Monday, November 30, 2009

Time to consider crowdsourcing

We all know about outsourcing, the ability to farm out work to people, often overseas, that will work for less, and sometimes for a lot less. But a not-so-new trend is changing the way that outsourcing happens, called crowdsourcing.

The idea is to take a job and divide it into small enough pieces that someone can do it quickly in their spare time. Think about transcribing an audio recording. Or Photoshopping a series of photographs. The difference between regular outsourcing and crowdsourcing is that you don't necessarily know your contractors, and they mostly are here in the good ole U S of A. Think of it as stimulus package for our troubled times, but based entirely on the private sector.

The idea isn't all that new, but is catching on due to some important trends. First off, there is a critical mass of people who are willing to do the work, and probably more people are going to be interested because of high unemployment over the past year. Second, the Internet-based tools that are used to farm out jobs and track completions and manage the crowds is getting better all the time. Broadband penetration helps: now most people don't do dial-up, which is great if you are going to be online for hours at a time working the crowd-based tasks. Finally, many crowds have developed a solid track record, so it is more compelling for project managers looking for workers.

As a result, crowdsourcing is big business. There are several dozen firms that help organize the crowds of people that offer up their services, and some of them are making millions of dollars a year in fees that they collect from being brokers between buyer and provider. Amazon's Mechanical Turk and are two of the more well-known ones, and if you want to find out others I suggest you first listen to my podcast with my partner Paul Gillin and Brent Frei, the author of one of the first industry reports on crowdsourcing. You can find the links to his report and our podcast if you go to:

Frei runs a company that provides crowdsourcing, so it isn't too difficult to see his self-interest. But the report opened my eyes to see the power and the promise behind the idea. For example, you can leverage your own billable time by farming out tedious tasks to someone else that would gladly do it for a lot less than your rates. Or compiling a list of vendors by doing online research of their Web sites. With a $10/hour intern, this project would have taken 12 hours or $120 to complete the task. By divvying it up among a crowd, Frei was able to get it done for about $18 total.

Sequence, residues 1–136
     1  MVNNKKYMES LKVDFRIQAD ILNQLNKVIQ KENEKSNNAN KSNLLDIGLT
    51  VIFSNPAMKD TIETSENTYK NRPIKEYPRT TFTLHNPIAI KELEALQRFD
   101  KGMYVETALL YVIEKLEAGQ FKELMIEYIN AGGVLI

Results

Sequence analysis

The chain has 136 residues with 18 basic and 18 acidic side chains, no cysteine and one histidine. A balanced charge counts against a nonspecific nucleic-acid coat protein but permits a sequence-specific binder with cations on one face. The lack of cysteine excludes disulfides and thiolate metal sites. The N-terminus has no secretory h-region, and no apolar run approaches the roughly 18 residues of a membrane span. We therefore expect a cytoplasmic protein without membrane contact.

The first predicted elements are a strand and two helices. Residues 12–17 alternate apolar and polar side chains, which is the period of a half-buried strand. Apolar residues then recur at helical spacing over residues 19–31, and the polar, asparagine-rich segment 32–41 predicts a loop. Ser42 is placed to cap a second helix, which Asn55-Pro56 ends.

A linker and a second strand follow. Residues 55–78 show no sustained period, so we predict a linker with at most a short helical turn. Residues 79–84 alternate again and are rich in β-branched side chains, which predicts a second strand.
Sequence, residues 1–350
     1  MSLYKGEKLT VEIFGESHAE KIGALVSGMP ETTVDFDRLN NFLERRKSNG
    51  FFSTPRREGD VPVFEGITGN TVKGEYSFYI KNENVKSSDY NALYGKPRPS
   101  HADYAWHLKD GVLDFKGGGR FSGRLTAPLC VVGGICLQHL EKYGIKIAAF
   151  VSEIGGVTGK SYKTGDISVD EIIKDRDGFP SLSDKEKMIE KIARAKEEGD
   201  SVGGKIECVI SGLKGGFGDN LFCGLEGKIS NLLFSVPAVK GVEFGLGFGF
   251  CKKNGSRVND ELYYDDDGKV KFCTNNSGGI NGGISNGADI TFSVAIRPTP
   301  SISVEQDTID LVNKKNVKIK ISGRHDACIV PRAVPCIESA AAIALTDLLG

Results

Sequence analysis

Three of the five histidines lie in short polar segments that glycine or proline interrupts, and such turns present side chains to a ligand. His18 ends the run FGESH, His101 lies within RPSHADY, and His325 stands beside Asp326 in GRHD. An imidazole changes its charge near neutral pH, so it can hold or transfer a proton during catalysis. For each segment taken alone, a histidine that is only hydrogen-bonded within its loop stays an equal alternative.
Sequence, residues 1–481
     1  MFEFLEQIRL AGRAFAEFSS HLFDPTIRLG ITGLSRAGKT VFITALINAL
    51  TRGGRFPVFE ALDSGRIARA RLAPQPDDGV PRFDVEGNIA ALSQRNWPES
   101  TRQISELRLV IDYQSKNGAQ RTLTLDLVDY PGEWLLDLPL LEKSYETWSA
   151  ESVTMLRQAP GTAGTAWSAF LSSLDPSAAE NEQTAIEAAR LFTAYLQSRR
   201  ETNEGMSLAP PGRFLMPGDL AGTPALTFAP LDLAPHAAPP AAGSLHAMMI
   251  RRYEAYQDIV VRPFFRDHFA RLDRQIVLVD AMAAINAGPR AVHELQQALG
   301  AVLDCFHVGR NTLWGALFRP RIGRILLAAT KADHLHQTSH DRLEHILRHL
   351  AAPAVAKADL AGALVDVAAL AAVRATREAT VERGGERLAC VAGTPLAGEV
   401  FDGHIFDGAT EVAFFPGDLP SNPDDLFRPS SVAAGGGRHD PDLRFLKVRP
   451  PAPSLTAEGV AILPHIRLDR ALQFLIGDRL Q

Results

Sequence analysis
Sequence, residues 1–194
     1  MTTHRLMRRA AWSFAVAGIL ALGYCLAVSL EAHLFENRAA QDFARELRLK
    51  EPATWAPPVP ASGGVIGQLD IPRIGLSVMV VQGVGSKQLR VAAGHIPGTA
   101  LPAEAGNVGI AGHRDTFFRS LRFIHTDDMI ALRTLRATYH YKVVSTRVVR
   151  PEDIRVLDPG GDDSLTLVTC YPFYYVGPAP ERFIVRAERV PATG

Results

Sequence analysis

Now, I know what you are going to say. How can you ensure quality of the crowd-based researchers? What about the time and cost to manage them? There are ways to build in redundancy and have the results cross-checked, and with the right kind of project management, you can piece things apart in such a way that makes sense for your crowd.

Paul and I have been doing our MediaBlather podcasts for several years, and always on the lookout for someone interesting to interview, particularly on social media and new marketing tools. If you are interested in being on our show, let us know.

Tuesday, November 24, 2009

How to make LinkedIn even better

LinkedIn has been busy in the past week, sprucing up their default members' home page, linking with Twitter, and putting together a very belated effort at opening their service to programmers.

I like LinkedIn. I am spending more of my time using it to promote myself, to connect to people that I know, and to build up value for my community and myself. With the help of the local chamber of commerce, I now manage a group called the St. Louis Job Angels, where we have listed more than 80 different jobs over the past couple of months and more than 500 job seekers and recruiters have signed up to share tips and support each other's efforts. So as a long-time frequent user, I offer some advice of where they should be going in 2010 – not that anyone will listen to my humble suggestions.

First off, they need to be more open. The add-on applications were a good first step (you can link up to your Wordpress and TypePad blog entries, publish your slide decks via Slideshare, and others). And the developer network ( is a good second step, but I want more. I would like to use my LinkedIn connections as my main contact manager, but until I can gain more control over this information it isn't as useful as it could be. Why do I need to publish these Web Informant newsletters to a separate email listserv that I have to maintain with your current email addresses? Probably most of you subscribers also take the time and energy to maintain your current email address in LinkedIn, so why duplicate that effort? Well, because it is too hard to still setup groups and email selected contacts inside of LinkedIn.

Second, I want to be able to freely export my connections without having to resort to a third-party service. Right now, OpenXchange ( is the only way that I can extract my contacts. Yes, I can synch up my address books on any number of services (one that I have mentioned in the past is Glide, -- but these are strictly a one-way operation, pouring data into LinkedIn. I don't like using services that I can't extract my data easily.

Third, scrap InMail. We don't need another communication substitute for email or IM. Ditto for the LinkedIn toolbars for Outlook and the Web. My browser window is small enough without any more clutter.

Fourth, give me better and more discrete publishing tools for my groups, similar to the way the free Yahoo or Google Groups services operate. Right now, I can send messages to everyone, but only as the group manager. My group can't easily communicate amongst themselves, without my intervention. Subgroups are a nightmare to deal with. There is no easy way to remind people that I have invited to the group (but haven't accepted the invite). Can I get a URL that points directly to my group? Not easily. And so on. Any quick look at what Yahoo has been doing since they bought eGroups nearly ten years ago would show the way towards a truly useful service.

None of these suggestions would be difficult, or even time consuming to implement. And I am sure that there are plenty of other things that they have on their radar. Feel free to share your own on my blog too.